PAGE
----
· Historically, the State has attempted to maximize the environmental benefits of the SGIP program. During 2002 - 2004, SGIP supported fossil-fueled CHP to the extent that the technologies or systems met air quality (AQ) and overall efficiency specifications overseen by the California Air Resources Board. This bill would extend that authority to allow the CPUC, based on analysis of existing and future data, to determine the necessary programmatic requirements to ensure both performance and waste heat recovery standards for CHP systems that will ensure that all CHP systems supported through SGIP yield GHG emissions reductions.
· There is a range of other technologies that this bill could enable the CPUC to consider supporting through SGIP, including certain solar thermal technologies (due to specific application requirements may not be included in the California Solar Initiative or the AB 1470 solar hot water program). This flexibility also will allow the CPUC to consider supporting new and emerging clean DG technologies as they become available on the market.
· Extends the SGIP one year, until January 1, 2013: SGIP is currently set to expire on January 1, 2012.
· Prohibits the recovery of SGIP program related costs from California Alternate Rates for Energy (CARE) ratepayers: Ratepayers participating in the CARE program will not be subject to any increase in rates to fund this program.
· Requires the CPUC to ensure that SGIP incentives are available to all ratepayers: SGIP currently allows that incentives are available to all ratepayers, including both residential and commercial customers. However, in current law there are size requirements in both the SGIP and a companion program, the CEC Emerging Renewables Program (ERP), that can act as customer class limitations as both programs implement incentives for wind and fuel cells, but for different project sizes (generally ERP is for smaller, possibly residential programs, SGIP for larger commercial or industrial programs). If additional technologies were allowed into the SGIP, they would not be limited by size as there would not be an overlap with a CEC program. The current overlap with the CEC ERP prevents SGIP from offering incentives to projects under 30 kW (which would be the size for a residential customer). This could serve as another reason to amend the current law--more technologies would be available to residential customers. The current status of SGIP and ERP size requirements are:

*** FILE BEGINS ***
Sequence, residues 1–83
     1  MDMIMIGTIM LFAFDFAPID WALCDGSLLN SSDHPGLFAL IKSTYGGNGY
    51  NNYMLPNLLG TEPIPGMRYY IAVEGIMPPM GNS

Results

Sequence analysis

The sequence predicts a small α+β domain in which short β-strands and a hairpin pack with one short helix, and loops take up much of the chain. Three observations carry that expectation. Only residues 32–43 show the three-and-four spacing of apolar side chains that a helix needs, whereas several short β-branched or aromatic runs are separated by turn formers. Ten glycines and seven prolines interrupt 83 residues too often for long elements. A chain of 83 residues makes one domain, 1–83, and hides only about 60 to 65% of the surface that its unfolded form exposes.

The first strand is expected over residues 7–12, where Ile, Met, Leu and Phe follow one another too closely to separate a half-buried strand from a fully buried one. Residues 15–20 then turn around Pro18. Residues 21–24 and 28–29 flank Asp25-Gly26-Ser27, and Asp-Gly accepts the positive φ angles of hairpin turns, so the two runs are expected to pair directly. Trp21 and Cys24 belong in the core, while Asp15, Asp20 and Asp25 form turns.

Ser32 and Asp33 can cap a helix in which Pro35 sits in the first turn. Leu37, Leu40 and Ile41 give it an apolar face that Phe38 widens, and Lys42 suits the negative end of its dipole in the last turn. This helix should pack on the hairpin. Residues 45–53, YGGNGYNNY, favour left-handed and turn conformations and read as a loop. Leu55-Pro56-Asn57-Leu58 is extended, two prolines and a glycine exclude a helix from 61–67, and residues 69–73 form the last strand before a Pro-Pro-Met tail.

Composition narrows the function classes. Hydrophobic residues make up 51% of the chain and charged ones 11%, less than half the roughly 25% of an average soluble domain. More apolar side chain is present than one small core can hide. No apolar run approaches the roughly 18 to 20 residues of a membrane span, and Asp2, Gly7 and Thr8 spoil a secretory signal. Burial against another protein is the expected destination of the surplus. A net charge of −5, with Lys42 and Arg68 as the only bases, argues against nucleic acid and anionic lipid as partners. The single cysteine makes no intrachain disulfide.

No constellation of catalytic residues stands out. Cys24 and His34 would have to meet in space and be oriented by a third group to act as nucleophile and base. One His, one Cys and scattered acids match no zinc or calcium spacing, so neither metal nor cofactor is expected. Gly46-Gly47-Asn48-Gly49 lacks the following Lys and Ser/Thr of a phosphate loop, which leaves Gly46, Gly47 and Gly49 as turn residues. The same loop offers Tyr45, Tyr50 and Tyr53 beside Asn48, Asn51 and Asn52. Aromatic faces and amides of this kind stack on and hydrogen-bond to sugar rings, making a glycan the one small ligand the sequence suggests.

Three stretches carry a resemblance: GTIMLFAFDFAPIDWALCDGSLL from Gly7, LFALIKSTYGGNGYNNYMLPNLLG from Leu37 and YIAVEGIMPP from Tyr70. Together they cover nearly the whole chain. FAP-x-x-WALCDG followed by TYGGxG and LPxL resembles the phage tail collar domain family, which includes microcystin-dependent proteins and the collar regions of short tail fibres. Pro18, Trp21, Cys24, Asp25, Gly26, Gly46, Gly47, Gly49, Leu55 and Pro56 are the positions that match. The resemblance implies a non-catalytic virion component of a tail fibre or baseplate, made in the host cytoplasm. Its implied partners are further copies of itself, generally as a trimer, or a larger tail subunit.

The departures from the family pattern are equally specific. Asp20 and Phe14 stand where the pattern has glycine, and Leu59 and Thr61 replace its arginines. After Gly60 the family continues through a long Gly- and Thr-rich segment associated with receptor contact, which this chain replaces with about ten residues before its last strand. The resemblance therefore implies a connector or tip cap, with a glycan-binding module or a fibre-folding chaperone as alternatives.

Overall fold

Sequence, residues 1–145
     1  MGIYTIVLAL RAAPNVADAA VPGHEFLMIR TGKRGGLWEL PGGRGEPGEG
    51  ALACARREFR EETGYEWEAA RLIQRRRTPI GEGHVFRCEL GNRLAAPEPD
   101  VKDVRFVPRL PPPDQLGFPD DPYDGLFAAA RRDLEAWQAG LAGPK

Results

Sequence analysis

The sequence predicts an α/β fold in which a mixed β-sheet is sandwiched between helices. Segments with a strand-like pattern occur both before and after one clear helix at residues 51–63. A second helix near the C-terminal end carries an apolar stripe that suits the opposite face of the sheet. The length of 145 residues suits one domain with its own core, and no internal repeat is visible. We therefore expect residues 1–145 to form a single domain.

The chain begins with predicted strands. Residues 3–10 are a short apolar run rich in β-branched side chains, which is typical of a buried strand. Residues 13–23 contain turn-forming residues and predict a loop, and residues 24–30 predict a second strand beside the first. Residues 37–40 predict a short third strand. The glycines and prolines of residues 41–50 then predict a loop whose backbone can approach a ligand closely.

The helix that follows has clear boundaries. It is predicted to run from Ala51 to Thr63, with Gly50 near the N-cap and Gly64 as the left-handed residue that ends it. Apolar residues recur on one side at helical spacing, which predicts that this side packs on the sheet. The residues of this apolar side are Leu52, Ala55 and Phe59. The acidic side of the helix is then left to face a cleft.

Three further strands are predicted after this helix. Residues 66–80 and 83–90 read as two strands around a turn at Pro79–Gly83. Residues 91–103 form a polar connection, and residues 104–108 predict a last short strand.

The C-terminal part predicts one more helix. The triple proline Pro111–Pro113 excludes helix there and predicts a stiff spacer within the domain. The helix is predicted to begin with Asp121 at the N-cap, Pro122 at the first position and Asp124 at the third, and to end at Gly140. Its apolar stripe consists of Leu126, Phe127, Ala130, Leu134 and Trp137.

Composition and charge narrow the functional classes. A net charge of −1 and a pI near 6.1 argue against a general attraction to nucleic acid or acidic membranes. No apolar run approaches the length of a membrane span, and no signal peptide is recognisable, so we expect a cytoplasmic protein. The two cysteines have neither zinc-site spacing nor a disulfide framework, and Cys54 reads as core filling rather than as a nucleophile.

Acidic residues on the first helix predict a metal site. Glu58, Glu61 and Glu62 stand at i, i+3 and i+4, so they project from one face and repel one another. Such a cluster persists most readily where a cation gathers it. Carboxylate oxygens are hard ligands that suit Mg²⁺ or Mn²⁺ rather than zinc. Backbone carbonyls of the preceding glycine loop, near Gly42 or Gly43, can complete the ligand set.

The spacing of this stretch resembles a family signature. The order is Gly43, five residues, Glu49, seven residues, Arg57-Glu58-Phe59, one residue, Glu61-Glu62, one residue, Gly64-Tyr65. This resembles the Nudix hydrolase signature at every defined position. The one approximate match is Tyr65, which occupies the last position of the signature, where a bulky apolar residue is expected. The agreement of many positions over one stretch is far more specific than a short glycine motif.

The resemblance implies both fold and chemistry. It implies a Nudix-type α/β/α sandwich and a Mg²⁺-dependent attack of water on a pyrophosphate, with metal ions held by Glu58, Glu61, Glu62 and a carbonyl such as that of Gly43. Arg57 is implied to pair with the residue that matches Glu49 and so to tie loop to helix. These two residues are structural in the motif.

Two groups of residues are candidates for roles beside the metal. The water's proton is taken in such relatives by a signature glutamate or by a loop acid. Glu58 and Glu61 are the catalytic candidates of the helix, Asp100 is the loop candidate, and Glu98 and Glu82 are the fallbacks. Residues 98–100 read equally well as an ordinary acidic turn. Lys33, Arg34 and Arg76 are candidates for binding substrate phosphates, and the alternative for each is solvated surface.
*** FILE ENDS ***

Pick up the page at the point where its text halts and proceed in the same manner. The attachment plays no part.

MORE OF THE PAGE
o SGIP incentives are available for all qualifying wind and fuel cell technologies less than 5 MW, except those already funded elsewhere by ratepayers. The first 3 MW of the project is eligible for incentives. The minimum project size for biogas fuel cells and wind turbines in SGIP is 30 kW. The CEC Emerging Renewables Program (ERP), which is funded by ratepayers from PG&E, SCE, SDG&E, and BVE, offers incentives for the same technologies under 30 kW.
o SGIP incentives are available to natural gas powered fuel cells of all sizes because the CEC's ERP program does not fund them. Fuel cell applications for residential customers are currently being introduced on the market. For example, a company called ClearEdge is marketing a residential fuel cell (5 kW), and this product is being offered an incentive under SGIP.
· If additional technology flexibility was added back into the SGIP program, the CPUC would continue to ensure that all customers could participate in the SGIP program. There is no need for the SGIP program to directly overlap with the ERP program.
· Makes customers receiving SGIP incentives responsible for system maintenance: A recipient of state incentives shall be held responsible for maintaining the integrity of their respective system. This maintenance must ensure that the system meets or exceeds efficiency and GHG emissions standards established in Public Utilities Code Section 379.6 (c) 1 and (c) 2 as well as the standard established by the Commission for a load-serving entity pursuant to Public Utilities Code Section 8341. This provision appears to be aimed at maximizing the operating efficiency of CHP systems.
· In response to AB 970 (Ducheny, 2000), Decision (D.) 01-03-073 established the Self-Generation Incentive Program as a peak load reduction program.